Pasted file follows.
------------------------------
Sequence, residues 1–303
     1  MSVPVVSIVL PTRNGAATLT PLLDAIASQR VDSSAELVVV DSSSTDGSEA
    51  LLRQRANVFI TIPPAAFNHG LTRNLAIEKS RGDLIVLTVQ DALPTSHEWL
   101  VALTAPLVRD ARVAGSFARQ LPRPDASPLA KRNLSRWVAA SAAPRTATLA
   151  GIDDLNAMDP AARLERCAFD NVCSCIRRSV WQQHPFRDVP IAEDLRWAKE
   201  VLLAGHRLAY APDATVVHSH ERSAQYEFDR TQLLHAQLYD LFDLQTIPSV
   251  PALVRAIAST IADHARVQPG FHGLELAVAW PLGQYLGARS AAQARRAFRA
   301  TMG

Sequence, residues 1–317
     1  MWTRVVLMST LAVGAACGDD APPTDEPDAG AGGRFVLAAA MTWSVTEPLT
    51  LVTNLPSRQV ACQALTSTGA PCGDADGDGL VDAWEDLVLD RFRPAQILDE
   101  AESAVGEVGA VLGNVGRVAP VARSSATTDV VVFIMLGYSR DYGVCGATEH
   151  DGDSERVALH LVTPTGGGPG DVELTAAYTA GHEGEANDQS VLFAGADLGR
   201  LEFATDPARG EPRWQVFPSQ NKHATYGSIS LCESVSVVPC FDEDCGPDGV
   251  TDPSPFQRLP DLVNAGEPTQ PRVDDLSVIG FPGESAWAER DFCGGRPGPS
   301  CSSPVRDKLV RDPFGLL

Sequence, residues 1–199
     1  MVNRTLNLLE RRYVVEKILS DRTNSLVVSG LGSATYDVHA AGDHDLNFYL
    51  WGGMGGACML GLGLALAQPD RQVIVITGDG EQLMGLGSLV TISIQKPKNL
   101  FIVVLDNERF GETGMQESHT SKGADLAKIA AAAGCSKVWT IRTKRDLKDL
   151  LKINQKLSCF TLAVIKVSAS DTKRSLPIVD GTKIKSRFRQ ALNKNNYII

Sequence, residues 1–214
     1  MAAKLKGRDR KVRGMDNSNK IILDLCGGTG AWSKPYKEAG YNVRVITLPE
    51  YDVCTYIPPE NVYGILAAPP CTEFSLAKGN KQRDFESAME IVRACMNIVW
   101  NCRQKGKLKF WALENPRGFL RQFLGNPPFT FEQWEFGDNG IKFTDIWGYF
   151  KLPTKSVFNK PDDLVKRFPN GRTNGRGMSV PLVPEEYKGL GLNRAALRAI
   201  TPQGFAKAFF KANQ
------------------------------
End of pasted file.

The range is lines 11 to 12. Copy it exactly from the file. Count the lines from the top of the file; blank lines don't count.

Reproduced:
    51  LVTNLPSRQV ACQALTSTGA PCGDADGDGL VDAWEDLVLD RFRPAQILDE
   101  AESAVGEVGA VLGNVGRVAP VARSSATTDV VVFIMLGYSR DYGVCGATEH